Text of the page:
I got up early today after getting a long much needed rest, and was excited to see what Amsterdam had in store for me. The first point of call was breakfast, and right at the end of the street I was staying on was the most fabulous bakery that had everything a large boy who loves sugar could possibly want. After stuffing my face like a pig, I decided the best way to see things would be to book a canal cruise. There’s a few you can book that allow you to hop on and off as you travel along, and the ticket lasts for 24 hours so depending on what time you first get on, you can even use it the next day.


I got off the boat at Waterlooplein and wandered around the flea markets that filled the square along the canal. These were probably the best markets I have ever seen with pretty much everything on offer. I ended up buying quite a few things here, so it’s a big hello to excess baggage charges for me (hopefully not). 


I also discovered a store that sells clothing by charging by the kilo. In other words, you find the item of clothing you want, they weigh it, and you pay the “per kilo” price for that garment. Such a great idea!


After about an hour, I returned to the canal cruise and we navigated along the canals into the Amstel River. I was still blown away by the beauty of the architecture both old & modern. The city has really done itself justice with the way it has planned for the restoration of heritage buildings and the incorporation of new modern buildings that sit in harmony with history.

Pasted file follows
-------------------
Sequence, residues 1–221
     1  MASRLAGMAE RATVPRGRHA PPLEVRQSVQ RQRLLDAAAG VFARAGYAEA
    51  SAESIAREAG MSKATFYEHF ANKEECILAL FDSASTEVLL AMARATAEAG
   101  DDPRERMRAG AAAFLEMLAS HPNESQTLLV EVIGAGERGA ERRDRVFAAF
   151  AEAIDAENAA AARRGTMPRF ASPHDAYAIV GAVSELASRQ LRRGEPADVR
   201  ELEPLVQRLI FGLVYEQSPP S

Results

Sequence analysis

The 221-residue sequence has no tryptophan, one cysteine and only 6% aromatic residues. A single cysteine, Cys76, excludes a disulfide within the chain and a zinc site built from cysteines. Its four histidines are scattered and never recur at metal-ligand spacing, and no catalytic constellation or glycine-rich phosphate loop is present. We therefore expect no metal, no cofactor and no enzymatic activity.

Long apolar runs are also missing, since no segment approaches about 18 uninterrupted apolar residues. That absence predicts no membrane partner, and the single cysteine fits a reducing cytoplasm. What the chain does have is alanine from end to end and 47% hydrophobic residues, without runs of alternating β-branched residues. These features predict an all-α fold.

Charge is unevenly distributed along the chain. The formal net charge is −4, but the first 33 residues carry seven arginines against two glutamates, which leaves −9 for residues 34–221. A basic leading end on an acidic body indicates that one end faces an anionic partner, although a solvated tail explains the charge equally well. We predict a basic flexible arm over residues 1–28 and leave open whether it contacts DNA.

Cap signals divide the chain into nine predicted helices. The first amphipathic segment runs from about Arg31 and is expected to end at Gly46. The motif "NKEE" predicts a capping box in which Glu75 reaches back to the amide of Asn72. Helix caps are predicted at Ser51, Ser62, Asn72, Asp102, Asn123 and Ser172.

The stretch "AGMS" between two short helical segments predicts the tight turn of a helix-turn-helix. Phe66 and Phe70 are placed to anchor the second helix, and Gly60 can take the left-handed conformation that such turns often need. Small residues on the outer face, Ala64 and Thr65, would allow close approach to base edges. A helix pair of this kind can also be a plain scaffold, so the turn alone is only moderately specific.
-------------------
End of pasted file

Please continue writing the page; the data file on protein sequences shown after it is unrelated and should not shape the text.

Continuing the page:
I got off in the city centre of Amsterdam where the Anne Frank House is located. I didn’t bother going in, as the queue was so long, but I’ve been told there isn’t that much to see in there anyway. So after wandering around for a bit, I stopped to have lunch, and met a lovely pair of gents who suggested a few things to do in Amsterdam and also places to go in Europe. One of these gentlemen lived in rural England, and offered to show me around the English countryside if I had the time when I returned to England on Sunday. I might just take him up on that offer! 

Once again, BLOWN AWAY BY HOW BEAUTIFUL THIS CITY IS!


I finally ended up back in Leidseplein just in time to see a brass band doing a version of “Hit The Road Jack”. 



Leidseplein is also home to the most beautiful Apple Store I have ever seen.


I then ventured over to De Wallen and its famous Red Light District to have a look at this sordid little area. There were only one or two girls displaying themselves in the windows, as it was still very early in the evening. I have never seen so many sex shops, sex theatres, and houses of prostitution in the one place.